Review: Ford Ranger Wildtrak strikes a happy middle ground

The pick-up truck market in the UK is big business these days.

Every year more than 50,000 of the one-tonne variety are sold in the UK and while once they would all have been cheap basic workhorses destined for a hard life on a building site or farm, a growing number of sales are now of high-end lifestyle models that aim to be a work vehicle and family SUV in one.

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If you want a back-to-basics pick-up Ford will sell you a single-cab Ranger XL with 128bhp for £19,545 before VAT.

And if you want a ridiculous pricey toy that screams midlife crisis and wimps out on the payload front it’ll sell you the pointless but hilarious Ranger Raptor for a hefty £41,145 plus VAT.

(Photo: Ford)

Somewhere in between those two sits this Wildtrak edition. Closer to the Raptor in price and spec but with a proper commercial vehicle payload and towing capacity, it’s meant to be a company and family car in one.

On the business front, this 2.0-litre diesel with a 10-speed automatic transmission comes with high and low-range four-wheel drive, can tow a 3,500kg trailer and has a gross train weight of 6,000kg, so it’s perfectly able to complete most utilitarian tasks.

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But as one of the higher-spec versions it wraps this rough, tough utility in a prettier (well, more stylish) package.

As standard, the Wildtrak gets side steps with a brushed metal finish, a roll hoop with side rails, 18-inch alloys and Boulder Grey grille mirror caps and handles in place of the shiny chrome finish on other variants. Our test car was a moody Sea Grey which tied nicely with all the grey and black elements and was a more attractive option than the standard metallic orange most Wildtraks seem to be.

Ford Ranger Wildtrak

Price: £40,239 (£42,219 as tested, incl. VAT)Engine: 2.0-litre, four-cylinder dieselPower: 210bhpTorque: 369lb ftTransmission: 10-speed automatic, four-wheel-driveTop speed: 112mph0-62mph: 9 secondsEconomy: 36.2-36.7mpgCO2 emissions: 201g/km

The interior is a largely successful blend of practical design and more high-spec elements. The focus remains on longevity and ease of use, with big chunky controls for most functions and plenty of storage spaces that will accommodate everything from a phone to a one-litre drinks bottle. But there’s leather upholstery with contrast stitching, Wildtrak badges on the dash and floor mats, and plenty of 12V and USB charging points around the cab, plus a 230V socket.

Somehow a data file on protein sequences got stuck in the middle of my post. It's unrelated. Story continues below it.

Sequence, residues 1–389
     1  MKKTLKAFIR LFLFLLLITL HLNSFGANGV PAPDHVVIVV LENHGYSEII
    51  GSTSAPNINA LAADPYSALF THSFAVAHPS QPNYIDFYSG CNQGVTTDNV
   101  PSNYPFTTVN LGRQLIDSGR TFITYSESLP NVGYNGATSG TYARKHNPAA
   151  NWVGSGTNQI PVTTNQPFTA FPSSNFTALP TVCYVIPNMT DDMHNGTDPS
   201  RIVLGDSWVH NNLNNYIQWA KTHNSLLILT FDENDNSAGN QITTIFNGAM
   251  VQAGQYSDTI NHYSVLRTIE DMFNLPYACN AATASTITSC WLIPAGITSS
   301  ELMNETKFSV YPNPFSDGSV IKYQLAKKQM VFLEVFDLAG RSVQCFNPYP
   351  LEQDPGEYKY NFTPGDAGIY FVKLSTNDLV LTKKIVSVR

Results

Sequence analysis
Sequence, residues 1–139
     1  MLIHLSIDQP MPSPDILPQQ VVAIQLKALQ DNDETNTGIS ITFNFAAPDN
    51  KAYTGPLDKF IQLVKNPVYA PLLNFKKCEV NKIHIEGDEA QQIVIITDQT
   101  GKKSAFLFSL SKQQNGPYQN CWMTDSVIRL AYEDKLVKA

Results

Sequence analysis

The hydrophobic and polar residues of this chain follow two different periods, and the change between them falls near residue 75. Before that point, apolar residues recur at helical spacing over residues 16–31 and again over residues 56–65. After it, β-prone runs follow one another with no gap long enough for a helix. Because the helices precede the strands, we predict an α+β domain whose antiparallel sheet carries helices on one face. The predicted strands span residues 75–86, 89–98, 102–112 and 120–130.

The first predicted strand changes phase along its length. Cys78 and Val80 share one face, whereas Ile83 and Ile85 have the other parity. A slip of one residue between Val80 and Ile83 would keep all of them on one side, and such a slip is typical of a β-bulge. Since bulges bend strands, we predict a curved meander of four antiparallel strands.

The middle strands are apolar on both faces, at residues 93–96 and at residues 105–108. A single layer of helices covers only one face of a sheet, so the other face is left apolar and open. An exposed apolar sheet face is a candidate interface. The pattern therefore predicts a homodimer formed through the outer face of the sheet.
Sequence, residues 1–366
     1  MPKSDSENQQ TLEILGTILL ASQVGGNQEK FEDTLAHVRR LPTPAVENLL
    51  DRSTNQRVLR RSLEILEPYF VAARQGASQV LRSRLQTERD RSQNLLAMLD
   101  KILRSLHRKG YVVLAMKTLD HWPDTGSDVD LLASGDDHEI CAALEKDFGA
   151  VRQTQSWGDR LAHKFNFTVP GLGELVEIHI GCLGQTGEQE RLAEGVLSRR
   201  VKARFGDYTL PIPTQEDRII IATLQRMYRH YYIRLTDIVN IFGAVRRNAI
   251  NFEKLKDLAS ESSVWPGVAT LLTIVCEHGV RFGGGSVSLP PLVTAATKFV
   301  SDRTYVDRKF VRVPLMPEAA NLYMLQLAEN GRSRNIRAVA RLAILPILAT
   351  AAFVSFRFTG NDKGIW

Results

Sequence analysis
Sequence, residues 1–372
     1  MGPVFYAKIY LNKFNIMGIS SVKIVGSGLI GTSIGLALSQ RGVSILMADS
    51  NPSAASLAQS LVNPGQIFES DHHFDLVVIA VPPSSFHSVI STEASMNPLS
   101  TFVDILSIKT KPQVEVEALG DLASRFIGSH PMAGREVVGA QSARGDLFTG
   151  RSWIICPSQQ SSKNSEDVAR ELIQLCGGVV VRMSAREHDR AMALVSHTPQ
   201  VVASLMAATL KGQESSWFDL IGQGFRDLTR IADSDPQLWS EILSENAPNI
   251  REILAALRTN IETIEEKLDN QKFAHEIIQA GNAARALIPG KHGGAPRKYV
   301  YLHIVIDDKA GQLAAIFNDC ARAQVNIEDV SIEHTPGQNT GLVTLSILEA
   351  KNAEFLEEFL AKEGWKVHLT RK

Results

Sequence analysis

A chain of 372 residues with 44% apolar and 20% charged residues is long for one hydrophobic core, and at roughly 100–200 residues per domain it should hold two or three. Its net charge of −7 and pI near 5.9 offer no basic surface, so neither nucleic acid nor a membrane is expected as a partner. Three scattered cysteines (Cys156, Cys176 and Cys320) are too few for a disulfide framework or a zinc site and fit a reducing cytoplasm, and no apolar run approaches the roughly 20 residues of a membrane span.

There are also a lot of gadgets and functions you won’t get on your £20k XL. An eight-inch touchscreen houses the Sync3 media and navigation system with smartphone mirroring, there’s a reversing camera alongside front and rear sensors, plus auto lights and wipers, ambient lighting, power seat adjustment, keyless entry and start, and a massive cool box in the centre armrest.

On the road, the Ranger also manages to disguise a lot of its utilitarian roots. Pick-ups aren’t famed for their refinement but the Ranger is surprisingly quiet, with well controlled wind and tyre noise. It’s barely any louder than many SUVs, even on the motorway.

The engine is also remarkably quiet, with more of a turbo roar that a traditional diesel clatter. The old 2.2-litre has been replaced with the same 210bhp 2.0-litre used in the Raptor, albeit without the multiple drive modes The 10-speed transmission shifts easily most of the time but at times it feels like it’s searching through too many ratios trying to find one that it likes.

(Photo: Ford)

And despite being tall, wide and nose-heavy when unladen, it behaves far better on road than pick-ups once did, with far less body shudder and lean than even fairly recent alternatives.

At £40,000+ including VAT the Wildtrak isn’t for everyone. If all you need is a basic truck for work, it’s over-endowed with gadgets and is expensive because of that. But if you want an all-in-one vehicle for work and weekends and if the pick-up body suits your lifestyle then the Wildtrak has refinement and technology that was once only a pipe dream in the pick-up market.

(Photo: Ford)

This article originally appeared on our sister site The Scotsman